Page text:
New Experimental Console Features

Rich Turner

As of Windows 10 build 18298, when you open the properties page of any Console window, you’ll notice an additional “Terminal” tab. Click on this tab and you’ll see several new settings for some experimental features we’re working on for future OS releases:

Experimental settings in action
]2 Experimental settings in action

Important Note: These settings are “experimental”, because in certain scenarios, it’s possible that they might not behave like you would expect them to, may not make it into the next OS release, and may change completely before we ship! But have fun with them anyway and let us know how you get on – we’d love to hear your feedback. Let’s outline each of the settings groups from the bottom up, ending with a more thorough discussion the Terminal Color settings:

Terminal Scrolling

Disable Scroll Forward:

  • When cleared (default state), the Console can to scroll anywhere within the Console’s buffer, even below the most recent row of text displayed When checked, the Console will not allow scrolling below the last line output, similar to how most *NIX terminals work

Cursor Shape

Legacy Style: Thicker underscore by default, but controlled by the cursor size property in the “Options” page

Underscore: Thinner underscore

Vertical Bar: For all you crazy kids who like your cursors tall and skinny

Empty Box: The second-best cursor:

Solid Box: The one true cursor

Cursor Colors

Inverse Color: The current and default behavior where the cursor color is the calculated inverse of the background color … which results in, for example, this adorable fetching pink against the bright green background of my first computer – the Dragon 32 😊


Use Color: Draw the cursor in a specific RGB color, like this fetching green against dark gray background:


Terminal Colors

The Terminal Colors fields allow you to specify specific RGB color values for the default foreground and/or background colors. These colors are independent of the color palette and are not affected by changes you make to your color palette! But before we discuss the inherent implications here, we need to consider how these new settings fit into the color changes we’ve been making over the last several Windows 10 releases:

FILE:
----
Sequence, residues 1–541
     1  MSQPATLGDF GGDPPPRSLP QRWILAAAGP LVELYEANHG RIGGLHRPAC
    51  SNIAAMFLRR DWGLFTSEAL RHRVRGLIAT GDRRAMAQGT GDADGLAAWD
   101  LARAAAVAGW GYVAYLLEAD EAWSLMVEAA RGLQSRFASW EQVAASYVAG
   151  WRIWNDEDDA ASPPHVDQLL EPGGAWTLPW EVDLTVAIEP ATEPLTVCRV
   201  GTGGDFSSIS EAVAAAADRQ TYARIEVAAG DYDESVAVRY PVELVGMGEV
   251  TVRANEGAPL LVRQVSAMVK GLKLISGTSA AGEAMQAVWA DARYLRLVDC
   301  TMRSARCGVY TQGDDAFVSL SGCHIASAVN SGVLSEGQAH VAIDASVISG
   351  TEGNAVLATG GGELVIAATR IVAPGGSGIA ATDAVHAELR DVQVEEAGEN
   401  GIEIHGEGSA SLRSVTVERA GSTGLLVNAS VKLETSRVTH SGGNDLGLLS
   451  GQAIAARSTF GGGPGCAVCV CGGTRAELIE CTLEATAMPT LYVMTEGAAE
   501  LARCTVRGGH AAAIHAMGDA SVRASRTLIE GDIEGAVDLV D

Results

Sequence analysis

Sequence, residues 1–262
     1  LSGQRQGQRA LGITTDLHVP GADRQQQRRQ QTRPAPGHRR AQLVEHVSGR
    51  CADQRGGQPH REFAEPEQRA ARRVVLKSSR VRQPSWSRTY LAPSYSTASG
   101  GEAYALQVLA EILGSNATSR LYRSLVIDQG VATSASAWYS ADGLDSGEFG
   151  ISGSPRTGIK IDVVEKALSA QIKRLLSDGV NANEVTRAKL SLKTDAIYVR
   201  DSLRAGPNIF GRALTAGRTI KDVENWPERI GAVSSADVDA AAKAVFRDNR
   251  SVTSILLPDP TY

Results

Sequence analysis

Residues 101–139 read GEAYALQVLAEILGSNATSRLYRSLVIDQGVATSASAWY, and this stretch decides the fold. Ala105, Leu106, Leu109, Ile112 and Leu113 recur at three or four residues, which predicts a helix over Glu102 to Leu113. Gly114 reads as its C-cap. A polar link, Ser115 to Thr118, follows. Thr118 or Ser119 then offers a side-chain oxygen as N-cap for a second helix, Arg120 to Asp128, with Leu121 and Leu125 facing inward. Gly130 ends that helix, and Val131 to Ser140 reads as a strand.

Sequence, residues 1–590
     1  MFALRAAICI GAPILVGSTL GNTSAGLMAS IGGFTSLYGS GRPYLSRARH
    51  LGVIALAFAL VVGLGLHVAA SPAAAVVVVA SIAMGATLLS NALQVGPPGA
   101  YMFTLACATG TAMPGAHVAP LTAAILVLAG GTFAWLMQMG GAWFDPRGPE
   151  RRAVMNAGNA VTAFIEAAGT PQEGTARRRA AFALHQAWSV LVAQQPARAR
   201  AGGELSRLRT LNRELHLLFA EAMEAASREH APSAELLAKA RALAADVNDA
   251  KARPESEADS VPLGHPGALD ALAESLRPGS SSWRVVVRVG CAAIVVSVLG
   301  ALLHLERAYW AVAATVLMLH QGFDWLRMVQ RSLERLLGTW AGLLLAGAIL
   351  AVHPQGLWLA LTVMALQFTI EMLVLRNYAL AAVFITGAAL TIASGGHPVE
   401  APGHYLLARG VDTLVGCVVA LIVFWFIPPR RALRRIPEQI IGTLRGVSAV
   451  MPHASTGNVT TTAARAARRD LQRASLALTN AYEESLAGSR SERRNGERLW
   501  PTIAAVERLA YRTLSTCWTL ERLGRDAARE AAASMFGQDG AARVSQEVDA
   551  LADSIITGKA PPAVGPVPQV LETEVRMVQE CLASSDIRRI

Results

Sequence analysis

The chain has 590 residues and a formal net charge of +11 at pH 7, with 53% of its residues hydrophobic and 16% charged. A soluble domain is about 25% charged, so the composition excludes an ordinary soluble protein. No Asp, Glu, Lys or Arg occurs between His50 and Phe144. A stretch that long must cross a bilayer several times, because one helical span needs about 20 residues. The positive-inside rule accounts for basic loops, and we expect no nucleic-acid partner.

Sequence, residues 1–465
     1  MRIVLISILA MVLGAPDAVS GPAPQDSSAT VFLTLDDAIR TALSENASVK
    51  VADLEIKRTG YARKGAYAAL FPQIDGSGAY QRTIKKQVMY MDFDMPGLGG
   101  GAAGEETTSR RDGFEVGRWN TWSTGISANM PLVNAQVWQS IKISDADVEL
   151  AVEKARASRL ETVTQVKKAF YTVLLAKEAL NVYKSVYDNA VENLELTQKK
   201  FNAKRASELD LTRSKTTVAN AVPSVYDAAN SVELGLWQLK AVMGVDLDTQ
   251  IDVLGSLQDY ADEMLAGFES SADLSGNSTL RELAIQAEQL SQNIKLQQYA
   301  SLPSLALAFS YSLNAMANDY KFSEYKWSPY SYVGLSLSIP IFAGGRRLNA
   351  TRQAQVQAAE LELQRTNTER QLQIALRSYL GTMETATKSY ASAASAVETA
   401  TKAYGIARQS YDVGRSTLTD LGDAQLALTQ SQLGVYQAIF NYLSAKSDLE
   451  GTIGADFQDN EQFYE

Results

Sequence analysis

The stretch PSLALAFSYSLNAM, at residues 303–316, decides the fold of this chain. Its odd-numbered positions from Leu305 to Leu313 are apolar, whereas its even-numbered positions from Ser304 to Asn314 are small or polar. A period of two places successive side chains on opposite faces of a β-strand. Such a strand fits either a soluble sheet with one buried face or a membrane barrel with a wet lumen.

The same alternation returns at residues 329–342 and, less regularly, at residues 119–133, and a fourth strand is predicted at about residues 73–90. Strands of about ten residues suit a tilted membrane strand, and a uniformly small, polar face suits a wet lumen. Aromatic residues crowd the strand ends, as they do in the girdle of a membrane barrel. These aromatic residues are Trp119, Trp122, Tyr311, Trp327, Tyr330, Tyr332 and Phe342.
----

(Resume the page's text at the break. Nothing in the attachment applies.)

Karma Karma Karma Karma Console Chameleon

Over the last couple of years, during “The Grand Overhaul” of Windows Console, we’ve made some significant improvements to Console’s parsing and handling of ANSI/VT sequences, and how the Console stores and renders colored text.

This all started with a rewrite of the Console’s VT parser. Prior to the (then new) team’s efforts, Windows Console barely supported any VT sequences at all. But with the steady growth in adoption of *NIX-first open-source tools, many of which emit VT sequences to color and draw text-based UI’s, it was increasingly imperative that the Windows Console be able to support VT sequences.

Before (XP) and after (Win10) VT support added to Console
]10 Before (XP) and after (Win10) VT support added to Console

This was made even more important and urgent due to the arrival of Windows Subsystem for Linux which allowed unmodified Linux binaries to run natively on Windows, allowing Windows users to easily run most of the *NIX tools they’d previously had to fire-up in a separate VM.